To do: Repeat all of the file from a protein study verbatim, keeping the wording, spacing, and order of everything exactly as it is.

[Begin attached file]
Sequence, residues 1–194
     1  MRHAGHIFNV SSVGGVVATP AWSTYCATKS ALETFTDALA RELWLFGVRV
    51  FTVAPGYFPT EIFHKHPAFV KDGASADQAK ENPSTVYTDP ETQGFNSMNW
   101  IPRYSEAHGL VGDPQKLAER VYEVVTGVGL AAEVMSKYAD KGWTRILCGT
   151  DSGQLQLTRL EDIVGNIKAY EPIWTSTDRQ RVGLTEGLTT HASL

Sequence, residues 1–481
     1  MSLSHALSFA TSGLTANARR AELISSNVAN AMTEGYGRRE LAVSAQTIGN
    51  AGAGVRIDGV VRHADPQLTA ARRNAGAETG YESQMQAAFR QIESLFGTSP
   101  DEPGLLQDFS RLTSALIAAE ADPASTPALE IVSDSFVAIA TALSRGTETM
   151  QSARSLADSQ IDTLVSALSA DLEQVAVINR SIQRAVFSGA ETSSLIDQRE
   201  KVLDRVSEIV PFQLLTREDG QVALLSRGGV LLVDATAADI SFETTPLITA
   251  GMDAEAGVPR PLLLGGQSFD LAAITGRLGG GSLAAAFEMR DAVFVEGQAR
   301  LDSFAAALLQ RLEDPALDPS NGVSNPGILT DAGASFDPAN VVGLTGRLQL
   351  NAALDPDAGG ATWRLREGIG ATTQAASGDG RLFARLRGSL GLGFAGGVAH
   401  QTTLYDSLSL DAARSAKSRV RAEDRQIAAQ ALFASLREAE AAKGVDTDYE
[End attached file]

Sequence, residues 1–194
     1  MRHAGHIFNV SSVGGVVATP AWSTYCATKS ALETFTDALA RELWLFGVRV
    51  FTVAPGYFPT EIFHKHPAFV KDGASADQAK ENPSTVYTDP ETQGFNSMNW
   101  IPRYSEAHGL VGDPQKLAER VYEVVTGVGL AAEVMSKYAD KGWTRILCGT
   151  DSGQLQLTRL EDIVGNIKAY EPIWTSTDRQ RVGLTEGLTT HASL

Sequence, residues 1–481
     1  MSLSHALSFA TSGLTANARR AELISSNVAN AMTEGYGRRE LAVSAQTIGN
    51  AGAGVRIDGV VRHADPQLTA ARRNAGAETG YESQMQAAFR QIESLFGTSP
   101  DEPGLLQDFS RLTSALIAAE ADPASTPALE IVSDSFVAIA TALSRGTETM
   151  QSARSLADSQ IDTLVSALSA DLEQVAVINR SIQRAVFSGA ETSSLIDQRE
   201  KVLDRVSEIV PFQLLTREDG QVALLSRGGV LLVDATAADI SFETTPLITA
   251  GMDAEAGVPR PLLLGGQSFD LAAITGRLGG GSLAAAFEMR DAVFVEGQAR
   301  LDSFAAALLQ RLEDPALDPS NGVSNPGILT DAGASFDPAN VVGLTGRLQL
   351  NAALDPDAGG ATWRLREGIG ATTQAASGDG RLFARLRGSL GLGFAGGVAH
   401  QTTLYDSLSL DAARSAKSRV RAEDRQIAAQ ALFASLREAE AAKGVDTDYE